Translated by Andrew Vanburen from a Chinese-language piece in the Securities Times
There is a new beacon of hope for China’s shipbuilders on the horizon.
The country recently said it plans to make its top 10 shipbuilders account for 70% of the PRC’s output, and it will pool resources to more closely unite massive yard complexes in the Bohai Bay region, the Yangzte River Delta and the Pearl River Delta to make the country’s shipbuilding industry more efficient and competitive.
So what does this mean for shipyards like Singapore- and Taiwan-listed Yangzijiang Shipbuilding?
As part of the country’s 12th Five-year Plan (2011-2015), the government recently stated that it will prioritize the domestic shipbuilding sector as a key industry.
Pursuant to this strategy, it will strive to bring more synergy to the three major shipbuilding regions in the country’s northeast (Bohai Bay), east (Yangtze River Delta) and southeast (Pearl River Delta).
Ultimately, Beijing hopes to make the three industrialized regions act in a more concerted fashion in terms of resource and technology sharing as well as logistical and supply management, with the ultimate goal of making the combined zones a “world class” production base for both container and cargo vessels.
The statement from the industry planner said the most positive upshot of this campaign will be to allow China’s top 10 shipbuilders by tonnage to account for at least 70% of the country’s total output.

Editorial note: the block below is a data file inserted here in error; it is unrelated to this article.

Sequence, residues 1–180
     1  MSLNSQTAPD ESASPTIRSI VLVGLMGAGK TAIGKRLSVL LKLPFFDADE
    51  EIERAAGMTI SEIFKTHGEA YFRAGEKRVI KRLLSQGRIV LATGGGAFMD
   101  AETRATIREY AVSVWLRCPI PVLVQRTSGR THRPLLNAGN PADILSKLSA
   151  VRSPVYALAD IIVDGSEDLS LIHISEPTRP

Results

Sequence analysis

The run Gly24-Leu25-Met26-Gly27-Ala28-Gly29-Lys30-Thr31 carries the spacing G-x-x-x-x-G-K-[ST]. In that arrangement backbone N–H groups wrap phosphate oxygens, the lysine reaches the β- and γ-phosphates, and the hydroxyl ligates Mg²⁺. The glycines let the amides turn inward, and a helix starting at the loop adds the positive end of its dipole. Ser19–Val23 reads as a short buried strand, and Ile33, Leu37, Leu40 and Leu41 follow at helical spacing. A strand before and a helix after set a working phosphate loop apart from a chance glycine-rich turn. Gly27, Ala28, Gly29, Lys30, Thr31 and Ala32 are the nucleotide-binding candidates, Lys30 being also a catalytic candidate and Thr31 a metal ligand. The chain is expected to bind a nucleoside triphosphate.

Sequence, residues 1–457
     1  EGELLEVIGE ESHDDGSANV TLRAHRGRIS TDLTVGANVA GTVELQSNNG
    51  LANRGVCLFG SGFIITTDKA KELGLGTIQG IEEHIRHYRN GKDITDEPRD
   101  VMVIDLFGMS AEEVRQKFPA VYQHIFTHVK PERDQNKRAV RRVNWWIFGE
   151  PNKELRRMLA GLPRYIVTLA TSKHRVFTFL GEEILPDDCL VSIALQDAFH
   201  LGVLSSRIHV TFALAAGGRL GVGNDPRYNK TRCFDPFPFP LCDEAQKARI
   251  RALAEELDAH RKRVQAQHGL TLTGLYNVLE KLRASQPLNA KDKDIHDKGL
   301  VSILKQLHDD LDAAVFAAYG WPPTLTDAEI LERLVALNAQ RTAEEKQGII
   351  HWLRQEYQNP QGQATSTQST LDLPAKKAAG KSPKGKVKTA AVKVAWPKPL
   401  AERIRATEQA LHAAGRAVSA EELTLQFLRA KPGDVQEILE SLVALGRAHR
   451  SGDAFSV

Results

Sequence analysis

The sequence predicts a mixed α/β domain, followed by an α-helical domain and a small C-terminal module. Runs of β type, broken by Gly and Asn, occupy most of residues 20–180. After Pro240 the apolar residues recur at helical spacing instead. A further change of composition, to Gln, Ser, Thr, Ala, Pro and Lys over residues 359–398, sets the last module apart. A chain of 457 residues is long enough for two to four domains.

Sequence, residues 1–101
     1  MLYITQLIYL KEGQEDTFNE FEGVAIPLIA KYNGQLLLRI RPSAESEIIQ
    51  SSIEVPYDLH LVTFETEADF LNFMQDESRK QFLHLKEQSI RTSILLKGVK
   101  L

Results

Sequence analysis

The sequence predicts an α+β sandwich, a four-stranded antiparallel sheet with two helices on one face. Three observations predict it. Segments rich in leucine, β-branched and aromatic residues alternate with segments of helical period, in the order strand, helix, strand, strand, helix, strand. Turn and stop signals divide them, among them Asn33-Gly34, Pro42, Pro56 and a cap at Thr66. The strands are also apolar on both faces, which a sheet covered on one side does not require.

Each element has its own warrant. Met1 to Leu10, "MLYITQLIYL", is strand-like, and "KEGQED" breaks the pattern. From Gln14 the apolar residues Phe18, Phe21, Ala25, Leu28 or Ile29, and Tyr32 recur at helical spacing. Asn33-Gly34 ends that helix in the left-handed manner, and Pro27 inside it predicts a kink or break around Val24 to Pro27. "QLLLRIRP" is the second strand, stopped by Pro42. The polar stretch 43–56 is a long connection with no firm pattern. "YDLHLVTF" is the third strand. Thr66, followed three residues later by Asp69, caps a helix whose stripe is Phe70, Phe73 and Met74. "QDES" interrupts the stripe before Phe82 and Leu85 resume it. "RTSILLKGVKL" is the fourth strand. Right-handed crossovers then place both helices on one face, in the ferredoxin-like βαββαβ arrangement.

The working plan statement added that it expected to see over 200 bln yuan in investment over the five-year period in marine engineering equipment like offshore oil platforms, which would put the industry sector spending at over 20% of the global total for the timeframe.
The statement added that during the process of carrying out the plan, the strongest and most competitive shipbuilders will rise to the surface and constitute the new, healthier, more viable face of China’s shipbuilding sector.
But this would naturally bring new challenges to smaller players who were unable to achieve economies of scale advantages, or whose production methodologies were in some way outdated.
This will have an immediate impact on those shipyards that resist regular upgrades in technological prowess, as the plan intends to rely on the crème de la crème of the technically-advanced shipbuilders to boost the overall competitiveness of China’s shipbuilding sector.
This was especially necessary given the technological gap that still existed between the PRC and its two shipbuilding neighbors – South Korea and Japan.
The statement emphasized that “technical synthesis” would help propel the country’s shipbuilding sector into a truly global power.
It is estimated that the current number of enterprises in Mainland China already attaining the ideal technological level to allow them to stand on their own and compete head-to-head with the world’s best only number around 50.
While not mentioning any shipyards by name, it said that as things stand, it was confident that the new emphasis on the industry would further help these 50 shipbuilders rise to the top of the domestic sector and practice international standards of production.
This will also help raise the international profile and brand name of domestic producers – a phenomenon that will certainly translate into more global orders.
The plan was to achieve 1.2 trln yuan in new ship orders by 2015, with over 80 bln usd of this coming from exports, the statement added, without providing comparisons with current levels.
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